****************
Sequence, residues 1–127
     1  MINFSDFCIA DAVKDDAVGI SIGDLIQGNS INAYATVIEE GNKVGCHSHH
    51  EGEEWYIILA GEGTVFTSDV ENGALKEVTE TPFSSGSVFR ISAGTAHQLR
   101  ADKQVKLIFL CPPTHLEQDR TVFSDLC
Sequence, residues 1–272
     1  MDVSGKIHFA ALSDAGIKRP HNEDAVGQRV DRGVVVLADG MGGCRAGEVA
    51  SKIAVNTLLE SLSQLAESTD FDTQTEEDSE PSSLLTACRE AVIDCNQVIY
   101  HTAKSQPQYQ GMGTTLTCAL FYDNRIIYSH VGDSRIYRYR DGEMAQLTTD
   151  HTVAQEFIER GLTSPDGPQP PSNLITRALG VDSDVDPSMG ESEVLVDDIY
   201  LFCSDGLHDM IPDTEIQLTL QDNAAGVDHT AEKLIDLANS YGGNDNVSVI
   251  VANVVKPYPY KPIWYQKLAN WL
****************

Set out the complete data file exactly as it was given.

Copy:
Sequence, residues 1–127
     1  MINFSDFCIA DAVKDDAVGI SIGDLIQGNS INAYATVIEE GNKVGCHSHH
    51  EGEEWYIILA GEGTVFTSDV ENGALKEVTE TPFSSGSVFR ISAGTAHQLR
   101  ADKQVKLIFL CPPTHLEQDR TVFSDLC
Sequence, residues 1–272
     1  MDVSGKIHFA ALSDAGIKRP HNEDAVGQRV DRGVVVLADG MGGCRAGEVA
    51  SKIAVNTLLE SLSQLAESTD FDTQTEEDSE PSSLLTACRE AVIDCNQVIY
   101  HTAKSQPQYQ GMGTTLTCAL FYDNRIIYSH VGDSRIYRYR DGEMAQLTTD
   151  HTVAQEFIER GLTSPDGPQP PSNLITRALG VDSDVDPSMG ESEVLVDDIY
   201  LFCSDGLHDM IPDTEIQLTL QDNAAGVDHT AEKLIDLANS YGGNDNVSVI
   251  VANVVKPYPY KPIWYQKLAN WL